That summer seemed to last forever. It was 1982 and James was 5. It was the last summer before he went to kindergarten.
He spent that whole summer playing underneath the back porch of his family’s old farmhouse.
It was dark and musty and comforting. Of course there were spider webs and mice and nasty things, but there was good stuff down there too.
There was a little burrow, long empty, probably from some long gone family of foxes or prairie dogs, that he filled with GI Joes or Hot Wheels or water. Way in the back where the sunlight barely cast itself was an old wooden box with a latch.
When James had finally found the courage to open it he had found it filled with papers that had turned to dust in his hands. He imagined that those papers had been treasure maps or secret papers from a spy.
None of that compared though, to what he found under there one summer day, right before he started school. He had been shopping with his mom for school clothes all morning and by the time he got to climb under that porch the summer sun was low in the sky, turning everything it touched to golden treasure.
James was just making his way under the porch when he noticed something. The smell was different. He could still smell the musty earthy smell that was always there but there was something else, something he couldn’t quite place. Later in life, if asked, he would say that it was a spicy smell, like cardamom and cloves and coriander all rolled into one, but then it was just something different. Something other.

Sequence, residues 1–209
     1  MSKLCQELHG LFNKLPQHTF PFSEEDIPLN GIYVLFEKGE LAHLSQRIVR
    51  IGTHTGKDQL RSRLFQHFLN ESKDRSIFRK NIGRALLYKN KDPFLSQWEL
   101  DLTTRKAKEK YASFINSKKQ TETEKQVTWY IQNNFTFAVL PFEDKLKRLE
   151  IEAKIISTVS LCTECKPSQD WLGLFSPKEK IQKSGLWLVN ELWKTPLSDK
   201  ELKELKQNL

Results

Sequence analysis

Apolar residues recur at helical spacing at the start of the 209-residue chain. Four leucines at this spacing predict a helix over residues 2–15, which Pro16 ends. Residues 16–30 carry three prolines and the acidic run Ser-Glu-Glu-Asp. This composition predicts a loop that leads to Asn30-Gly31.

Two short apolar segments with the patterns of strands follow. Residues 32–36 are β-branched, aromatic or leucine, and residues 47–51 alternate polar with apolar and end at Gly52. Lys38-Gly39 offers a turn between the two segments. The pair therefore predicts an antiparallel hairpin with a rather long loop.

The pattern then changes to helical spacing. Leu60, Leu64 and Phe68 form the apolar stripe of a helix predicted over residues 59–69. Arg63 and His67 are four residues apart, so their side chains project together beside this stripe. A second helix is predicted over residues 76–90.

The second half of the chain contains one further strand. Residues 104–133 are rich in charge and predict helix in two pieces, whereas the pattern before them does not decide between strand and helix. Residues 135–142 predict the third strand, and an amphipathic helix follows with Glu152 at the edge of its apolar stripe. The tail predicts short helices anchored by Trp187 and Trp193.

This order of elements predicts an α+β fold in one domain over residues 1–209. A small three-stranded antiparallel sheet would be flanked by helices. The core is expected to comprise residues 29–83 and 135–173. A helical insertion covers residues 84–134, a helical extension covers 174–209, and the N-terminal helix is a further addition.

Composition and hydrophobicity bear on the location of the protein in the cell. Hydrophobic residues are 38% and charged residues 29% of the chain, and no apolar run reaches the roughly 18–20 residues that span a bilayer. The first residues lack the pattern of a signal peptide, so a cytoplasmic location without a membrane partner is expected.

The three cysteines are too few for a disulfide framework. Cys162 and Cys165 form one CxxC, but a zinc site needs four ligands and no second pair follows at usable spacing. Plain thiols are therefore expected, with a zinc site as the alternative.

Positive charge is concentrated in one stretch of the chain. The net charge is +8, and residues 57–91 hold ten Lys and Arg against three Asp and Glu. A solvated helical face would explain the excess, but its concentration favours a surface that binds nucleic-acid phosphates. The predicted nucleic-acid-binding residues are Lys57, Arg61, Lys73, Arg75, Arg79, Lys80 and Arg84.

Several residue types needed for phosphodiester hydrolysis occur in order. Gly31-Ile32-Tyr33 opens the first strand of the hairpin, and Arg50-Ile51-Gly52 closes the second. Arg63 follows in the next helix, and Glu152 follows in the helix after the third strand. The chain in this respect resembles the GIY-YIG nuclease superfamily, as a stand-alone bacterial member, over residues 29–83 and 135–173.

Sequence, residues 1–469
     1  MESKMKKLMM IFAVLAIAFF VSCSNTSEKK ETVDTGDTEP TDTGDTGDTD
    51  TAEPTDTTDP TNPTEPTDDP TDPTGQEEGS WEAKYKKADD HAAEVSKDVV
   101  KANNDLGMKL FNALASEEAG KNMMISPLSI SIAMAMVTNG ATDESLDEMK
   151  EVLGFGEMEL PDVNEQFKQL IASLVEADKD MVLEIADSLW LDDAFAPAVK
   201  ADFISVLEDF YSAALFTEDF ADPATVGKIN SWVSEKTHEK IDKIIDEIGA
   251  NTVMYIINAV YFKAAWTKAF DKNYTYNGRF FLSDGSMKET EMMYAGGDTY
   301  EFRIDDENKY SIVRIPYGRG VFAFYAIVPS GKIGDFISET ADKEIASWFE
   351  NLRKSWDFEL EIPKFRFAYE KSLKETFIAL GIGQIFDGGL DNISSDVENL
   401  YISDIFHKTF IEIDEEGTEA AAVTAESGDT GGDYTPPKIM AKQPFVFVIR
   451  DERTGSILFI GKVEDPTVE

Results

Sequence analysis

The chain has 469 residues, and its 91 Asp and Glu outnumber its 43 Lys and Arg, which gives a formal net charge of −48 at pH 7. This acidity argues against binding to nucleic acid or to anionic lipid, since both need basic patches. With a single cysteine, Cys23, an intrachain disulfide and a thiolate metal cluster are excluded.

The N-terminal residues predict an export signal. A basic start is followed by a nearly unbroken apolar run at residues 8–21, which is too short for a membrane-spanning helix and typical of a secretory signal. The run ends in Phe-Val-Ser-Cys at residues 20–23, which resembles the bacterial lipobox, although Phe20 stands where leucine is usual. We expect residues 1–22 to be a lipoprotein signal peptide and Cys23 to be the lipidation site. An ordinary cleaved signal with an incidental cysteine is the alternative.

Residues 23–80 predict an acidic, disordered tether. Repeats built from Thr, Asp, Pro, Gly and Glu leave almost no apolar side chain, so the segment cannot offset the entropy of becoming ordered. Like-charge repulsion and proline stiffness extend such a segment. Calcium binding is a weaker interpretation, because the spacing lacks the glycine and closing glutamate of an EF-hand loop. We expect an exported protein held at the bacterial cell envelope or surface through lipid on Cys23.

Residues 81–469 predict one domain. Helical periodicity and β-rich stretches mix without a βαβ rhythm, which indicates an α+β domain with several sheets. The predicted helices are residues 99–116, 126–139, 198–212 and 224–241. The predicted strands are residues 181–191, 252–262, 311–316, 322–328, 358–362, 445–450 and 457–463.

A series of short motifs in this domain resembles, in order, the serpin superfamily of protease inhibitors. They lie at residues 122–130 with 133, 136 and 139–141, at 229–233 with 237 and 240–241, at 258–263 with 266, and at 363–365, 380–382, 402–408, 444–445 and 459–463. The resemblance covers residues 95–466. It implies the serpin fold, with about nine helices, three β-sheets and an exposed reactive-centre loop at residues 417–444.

He hesitated, there at the threshold of the darkness. He wasn’t afraid but he knew instinctively that he needed to proceed with caution. He moved deeper into the darkness, slowly and silently, like a hunter stalking its prey.
As he moved towards the back, closer and closer to the old wooden box, the spicy smell grew stronger until it filled his nostrils.
He stopped when he was almost beside the box. There was only a little empty space left behind. James waited there for an eternity of heartbeats. More than he could count on his fingers and toes but still nothing.
He was just about to turn back and seek refuge in the sunlight when something shifted outside. A cloud broke or a branch moving in the evening breeze. Whatever it was a shaft of light somehow penetrated to the back of the darkness and then he saw it.
Two eyes flashed red in the darkness. James’s breath caught in his throat. For a second he thought it was maybe the neighbor’s cat, Tom, but he new that wasn’t right. Tom’s cat eyes were green in the darkness not red.
He called out, his voice tight and quiet, “Is there someone there?”
The eyes flashed again and then something shot by him, so quick he couldn’t even see it. He turned as it flashed by, catching orange and white as it sprinted towards the summer light.
James would tell the story for years after of the fox that had scared him that day but when he dreamed of it he would always remember the part that he had put away and hidden. The face he had seen just before the fox started its flight had been that of a little girl, with the eyes of a fox.